Starting in the early 2000s, high-profile business collapses around the globe such as Enron, WorldCom, Parmalat, Tyco International, Royal Dutch Shell, Siemens and others made auditors a focal point for governments and oversight structures.
The massive collapses of Enron and Worldcom in the US were linked to fraud and poor accounting. Corruption and unethical accounting were uncovered in investigations when Arthur Andersen was discovered to have shredded Enron audit documents amid the investigations into the billions of losses at the energy firm. The accounting firm was subsequently found guilty of obstructing justice, effectively putting an end to all its audit activities in 2002, effectively reducing the big five to the big four.
Given the devastating effects on workers and investors, there was a perceived need for an urgent federal response to protect investors. Legislative overhauls in the United States followed through the passing of the Sarbanes-Oxley Act (SOX) in 2002 and the establishment of the Public Company Accounting Oversight Board (PCAOB) to play closer attention to the role of auditors. The SOX passed through the House of Representatives and Senate quickly with overwhelming majorities in both houses.
By the next major collapses in 2008 of Lehman Brothers and Washington Mutual which precipitated the global financial crises, governments and regulators around the world had already begun to respond.
In March 2002, the Monetary Authority of Singapore (MAS) had issued an amendment to its Banking Act which required banks in Singapore to rotate audit firms every five years. However, with the advent of the global financial crisis in 2008, the MAS announced a temporary suspension of the requirement citing “heightened vigilance during this period of unprecedented stress in the global financial markets”. It was of the view that temporarily suspending the requirement for the three local banks would minimise disruption and deliver the benefit from some degree of audit continuity during challenging times. However, in September 2014, it launched a consultation process to revisit mandatory audit firm rotation and has recently announced that it will implement mandatory audit tendering every ten years with a staggered implementation requirement for years ending 2020 and 2022.
The United Kingdom became concerned with the market concentration of its major listed entities with what was now the big four, and the European Union became concerned with long tenure and the risk of compromised independence.
In October 2012 the FRC updated the Corporate Governance Code and introduced a new provision, on a comply or explain basis, requiring FTSE 350 companies to put their audit out to tender every ten years. This was amended in 2014 to bring it into line with the EU 8th Directive, and now in the UK the Statutory Auditors and Third Country Auditors Regulations 2016 (SATCAR), has introduced a requirement for all Public Interest Entities1 (PIEs) to conduct a tender at least every 10 years and rotate auditors after a maximum of 20 years.
The European Parliament and the Council of the European Union issued in April 2014 ‘Directive 2014/56/EU amending Directive 2006/43/EC on statutory audits of annual accounts and consolidated accounts as well as Regulation (EU) No 537/2014 of the European Parliament and of the Council of 16 April 2014 on specific requirements regarding statutory audit of public-interest entities’. Member States were required to implement the new requirements by 17 June 2016, when the Directive and the Regulation became applicable (EuropeanUnion, 2014).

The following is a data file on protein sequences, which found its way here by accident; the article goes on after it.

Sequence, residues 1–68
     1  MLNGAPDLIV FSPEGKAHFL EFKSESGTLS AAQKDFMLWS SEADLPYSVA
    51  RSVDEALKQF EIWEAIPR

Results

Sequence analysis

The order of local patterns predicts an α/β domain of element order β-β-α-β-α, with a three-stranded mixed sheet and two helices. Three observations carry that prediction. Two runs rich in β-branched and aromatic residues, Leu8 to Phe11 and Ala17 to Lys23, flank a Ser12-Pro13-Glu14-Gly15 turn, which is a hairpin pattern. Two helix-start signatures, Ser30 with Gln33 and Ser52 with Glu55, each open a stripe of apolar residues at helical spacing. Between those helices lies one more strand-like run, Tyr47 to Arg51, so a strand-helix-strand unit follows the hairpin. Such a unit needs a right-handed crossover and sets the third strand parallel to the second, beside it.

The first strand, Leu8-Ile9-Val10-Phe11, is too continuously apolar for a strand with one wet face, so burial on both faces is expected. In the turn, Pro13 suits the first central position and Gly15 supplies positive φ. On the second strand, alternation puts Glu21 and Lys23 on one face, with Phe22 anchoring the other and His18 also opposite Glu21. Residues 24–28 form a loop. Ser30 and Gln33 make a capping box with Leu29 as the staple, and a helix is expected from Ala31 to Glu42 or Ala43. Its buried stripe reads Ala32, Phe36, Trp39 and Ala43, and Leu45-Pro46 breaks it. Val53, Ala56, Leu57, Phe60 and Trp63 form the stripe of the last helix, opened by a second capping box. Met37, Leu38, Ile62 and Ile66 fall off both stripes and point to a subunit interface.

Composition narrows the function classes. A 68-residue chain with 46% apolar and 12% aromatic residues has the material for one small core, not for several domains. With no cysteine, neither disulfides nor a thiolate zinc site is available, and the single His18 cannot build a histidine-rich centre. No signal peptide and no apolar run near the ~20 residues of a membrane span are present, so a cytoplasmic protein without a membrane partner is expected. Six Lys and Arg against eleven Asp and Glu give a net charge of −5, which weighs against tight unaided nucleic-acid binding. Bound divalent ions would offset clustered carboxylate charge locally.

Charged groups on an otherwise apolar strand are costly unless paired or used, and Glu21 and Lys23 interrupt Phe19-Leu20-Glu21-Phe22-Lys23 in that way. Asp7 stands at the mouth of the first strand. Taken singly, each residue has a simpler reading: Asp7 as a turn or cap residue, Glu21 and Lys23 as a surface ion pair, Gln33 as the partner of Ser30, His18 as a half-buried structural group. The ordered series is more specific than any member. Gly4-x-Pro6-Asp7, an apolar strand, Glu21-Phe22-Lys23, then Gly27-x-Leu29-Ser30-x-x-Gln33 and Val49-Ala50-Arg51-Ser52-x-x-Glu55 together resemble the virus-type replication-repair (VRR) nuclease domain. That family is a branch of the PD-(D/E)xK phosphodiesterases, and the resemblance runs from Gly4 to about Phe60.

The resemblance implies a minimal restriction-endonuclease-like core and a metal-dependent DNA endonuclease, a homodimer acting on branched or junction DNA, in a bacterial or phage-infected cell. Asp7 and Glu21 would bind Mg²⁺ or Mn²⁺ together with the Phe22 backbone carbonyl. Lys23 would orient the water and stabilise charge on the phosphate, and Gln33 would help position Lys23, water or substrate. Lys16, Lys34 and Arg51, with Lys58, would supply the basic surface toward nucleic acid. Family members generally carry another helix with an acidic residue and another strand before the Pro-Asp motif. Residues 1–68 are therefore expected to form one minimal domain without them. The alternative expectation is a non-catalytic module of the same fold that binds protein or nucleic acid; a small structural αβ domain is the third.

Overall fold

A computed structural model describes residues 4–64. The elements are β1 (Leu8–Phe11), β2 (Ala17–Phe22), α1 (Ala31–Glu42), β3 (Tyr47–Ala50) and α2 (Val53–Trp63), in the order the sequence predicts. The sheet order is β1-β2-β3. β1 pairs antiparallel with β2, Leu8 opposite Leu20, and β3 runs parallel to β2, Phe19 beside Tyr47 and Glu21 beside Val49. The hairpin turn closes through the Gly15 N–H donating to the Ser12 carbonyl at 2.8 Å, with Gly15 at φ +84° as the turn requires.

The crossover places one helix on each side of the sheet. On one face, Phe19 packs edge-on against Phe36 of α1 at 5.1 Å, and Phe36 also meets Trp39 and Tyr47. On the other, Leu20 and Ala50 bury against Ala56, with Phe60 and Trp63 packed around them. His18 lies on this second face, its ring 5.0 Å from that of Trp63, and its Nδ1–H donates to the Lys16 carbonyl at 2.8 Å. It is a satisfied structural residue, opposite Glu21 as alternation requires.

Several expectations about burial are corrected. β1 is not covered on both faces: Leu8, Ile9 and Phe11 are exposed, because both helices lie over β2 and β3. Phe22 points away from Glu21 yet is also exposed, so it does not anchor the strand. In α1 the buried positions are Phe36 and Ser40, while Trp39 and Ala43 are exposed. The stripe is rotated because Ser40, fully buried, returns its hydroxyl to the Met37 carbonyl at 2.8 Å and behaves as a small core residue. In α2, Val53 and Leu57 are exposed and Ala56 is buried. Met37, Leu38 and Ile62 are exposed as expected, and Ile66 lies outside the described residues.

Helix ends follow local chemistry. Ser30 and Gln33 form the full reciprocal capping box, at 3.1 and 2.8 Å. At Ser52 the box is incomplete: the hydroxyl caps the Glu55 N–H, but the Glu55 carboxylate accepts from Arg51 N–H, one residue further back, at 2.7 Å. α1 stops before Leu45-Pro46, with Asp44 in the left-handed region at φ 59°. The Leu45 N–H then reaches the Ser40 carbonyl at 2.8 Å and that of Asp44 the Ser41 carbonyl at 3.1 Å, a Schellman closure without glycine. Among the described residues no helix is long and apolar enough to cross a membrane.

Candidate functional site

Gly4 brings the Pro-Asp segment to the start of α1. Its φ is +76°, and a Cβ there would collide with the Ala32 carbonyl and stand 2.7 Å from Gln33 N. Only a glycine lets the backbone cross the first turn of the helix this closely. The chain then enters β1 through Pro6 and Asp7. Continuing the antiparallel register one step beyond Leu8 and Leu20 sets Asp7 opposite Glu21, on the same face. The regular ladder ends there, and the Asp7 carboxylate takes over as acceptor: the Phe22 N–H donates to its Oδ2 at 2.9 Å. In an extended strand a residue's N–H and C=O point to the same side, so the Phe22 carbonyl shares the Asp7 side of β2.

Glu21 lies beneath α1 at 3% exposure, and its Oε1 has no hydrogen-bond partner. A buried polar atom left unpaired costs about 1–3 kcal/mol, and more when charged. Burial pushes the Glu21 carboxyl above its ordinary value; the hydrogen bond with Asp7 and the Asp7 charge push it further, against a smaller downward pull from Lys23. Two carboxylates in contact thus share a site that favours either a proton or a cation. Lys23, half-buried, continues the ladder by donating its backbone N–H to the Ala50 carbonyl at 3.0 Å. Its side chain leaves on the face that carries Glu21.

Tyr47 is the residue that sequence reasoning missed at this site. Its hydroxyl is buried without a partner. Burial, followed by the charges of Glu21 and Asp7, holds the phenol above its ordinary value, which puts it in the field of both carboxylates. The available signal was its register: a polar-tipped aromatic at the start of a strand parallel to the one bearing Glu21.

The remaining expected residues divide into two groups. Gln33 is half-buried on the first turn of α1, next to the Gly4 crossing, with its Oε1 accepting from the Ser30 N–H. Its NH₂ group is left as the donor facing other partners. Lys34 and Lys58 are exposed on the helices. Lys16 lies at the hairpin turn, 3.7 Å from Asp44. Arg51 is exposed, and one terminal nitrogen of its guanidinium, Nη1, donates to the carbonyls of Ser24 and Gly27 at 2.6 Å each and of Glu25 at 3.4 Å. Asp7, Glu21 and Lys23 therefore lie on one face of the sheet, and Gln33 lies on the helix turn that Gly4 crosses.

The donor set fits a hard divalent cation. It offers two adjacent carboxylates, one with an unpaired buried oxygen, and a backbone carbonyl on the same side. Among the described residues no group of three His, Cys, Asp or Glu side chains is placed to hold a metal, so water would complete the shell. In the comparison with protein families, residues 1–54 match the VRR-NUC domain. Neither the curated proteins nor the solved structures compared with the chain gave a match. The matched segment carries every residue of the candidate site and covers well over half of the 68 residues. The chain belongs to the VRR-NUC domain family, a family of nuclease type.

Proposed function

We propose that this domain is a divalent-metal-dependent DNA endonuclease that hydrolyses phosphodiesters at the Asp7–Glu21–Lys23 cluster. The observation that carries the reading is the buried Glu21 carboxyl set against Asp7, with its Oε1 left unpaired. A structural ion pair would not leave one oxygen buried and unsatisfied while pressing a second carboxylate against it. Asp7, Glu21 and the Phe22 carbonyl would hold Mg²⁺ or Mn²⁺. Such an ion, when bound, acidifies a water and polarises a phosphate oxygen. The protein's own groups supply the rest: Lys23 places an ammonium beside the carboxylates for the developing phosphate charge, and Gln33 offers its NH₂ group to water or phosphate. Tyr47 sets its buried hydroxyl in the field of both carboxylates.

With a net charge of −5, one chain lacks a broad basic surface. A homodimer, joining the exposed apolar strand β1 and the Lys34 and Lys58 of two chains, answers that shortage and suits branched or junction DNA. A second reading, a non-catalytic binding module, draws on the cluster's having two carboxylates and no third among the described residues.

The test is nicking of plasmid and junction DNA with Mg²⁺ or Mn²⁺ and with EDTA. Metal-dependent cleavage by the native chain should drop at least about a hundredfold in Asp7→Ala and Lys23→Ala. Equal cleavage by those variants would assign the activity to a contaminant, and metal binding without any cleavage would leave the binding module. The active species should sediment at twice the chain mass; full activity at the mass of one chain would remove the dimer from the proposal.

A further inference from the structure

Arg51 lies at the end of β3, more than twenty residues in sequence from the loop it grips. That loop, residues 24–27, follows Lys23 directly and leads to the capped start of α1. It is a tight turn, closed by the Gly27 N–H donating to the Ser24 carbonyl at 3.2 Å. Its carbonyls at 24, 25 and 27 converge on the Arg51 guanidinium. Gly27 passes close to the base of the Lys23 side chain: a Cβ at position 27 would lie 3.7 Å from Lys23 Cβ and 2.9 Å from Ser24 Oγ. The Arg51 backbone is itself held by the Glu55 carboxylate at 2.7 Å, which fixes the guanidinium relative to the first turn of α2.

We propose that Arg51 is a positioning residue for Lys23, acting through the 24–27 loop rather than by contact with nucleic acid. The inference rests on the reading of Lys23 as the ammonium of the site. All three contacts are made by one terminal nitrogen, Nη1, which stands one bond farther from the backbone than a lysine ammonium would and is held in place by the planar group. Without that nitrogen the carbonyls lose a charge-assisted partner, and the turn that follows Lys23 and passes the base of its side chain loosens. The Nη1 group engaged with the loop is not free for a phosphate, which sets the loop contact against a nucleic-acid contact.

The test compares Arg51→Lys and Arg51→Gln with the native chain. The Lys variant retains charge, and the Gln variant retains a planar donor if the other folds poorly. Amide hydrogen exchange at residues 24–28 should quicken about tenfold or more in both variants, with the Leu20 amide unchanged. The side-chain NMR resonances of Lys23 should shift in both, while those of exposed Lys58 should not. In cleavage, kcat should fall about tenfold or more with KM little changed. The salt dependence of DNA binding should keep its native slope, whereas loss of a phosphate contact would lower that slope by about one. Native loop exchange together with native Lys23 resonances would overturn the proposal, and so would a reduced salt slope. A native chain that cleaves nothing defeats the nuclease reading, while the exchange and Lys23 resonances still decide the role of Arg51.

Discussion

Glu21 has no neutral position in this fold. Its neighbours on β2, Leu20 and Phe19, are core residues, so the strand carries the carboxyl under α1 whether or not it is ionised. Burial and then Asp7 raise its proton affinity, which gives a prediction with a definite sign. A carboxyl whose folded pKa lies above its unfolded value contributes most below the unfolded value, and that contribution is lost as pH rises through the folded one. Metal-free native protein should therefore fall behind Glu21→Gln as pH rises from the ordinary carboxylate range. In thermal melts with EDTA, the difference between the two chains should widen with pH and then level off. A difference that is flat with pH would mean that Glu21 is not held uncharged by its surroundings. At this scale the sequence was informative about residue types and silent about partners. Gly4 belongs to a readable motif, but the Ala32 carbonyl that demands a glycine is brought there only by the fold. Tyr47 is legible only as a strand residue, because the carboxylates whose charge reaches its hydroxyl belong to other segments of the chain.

The European Union adopted the current rules for statutory audit in April 2014. These aim to improve audits in the EU by reinforcing auditors' independence and their professional scepticism towards the management of the audited company.
In the case of public interest entities (PIEs), for example, auditors will rotate on a regular basis and will no longer be allowed to provide certain non-audit services to their audit clients. PIEs are listed companies, credit institutions, insurance undertakings, or other undertakings designated by EU countries to be of public importance.
These rules help to foster diversity in the audit markets and enhance investors' trust in the financial information of companies, which in turn improves the conditions for cross-border investment and economic growth in the EU.
The progressive implementation of standards, regulations and guidelines is a necessary role of effective regulators worldwide in support of continuous improvement. Regulatory cooperation through the International Forum of Independent Audit Regulators (IFIAR) continues to attempt to address deficient behaviours, actions not in the public interest and guide effective standardised and harmonised auditing practices across world markets to facilitate global business. IFIAR has 52 members, who only qualify for membership if the regulator is truly independent of the profession. These regulators, of which the IRBA is one, have a common objective of protecting investors and their independence supports their aim to act in the public interest.
In every jurisdiction, except Italy, the period for which MAFR has been implemented is too short to say empirically whether it works or not. In the IRBA’s review of G20 and IFIAR member countries, 30 have or will implement MAFR.
The IRBA must respond to the current global developments and recent legislative measures that have been implemented in respect of strengthening auditor independence.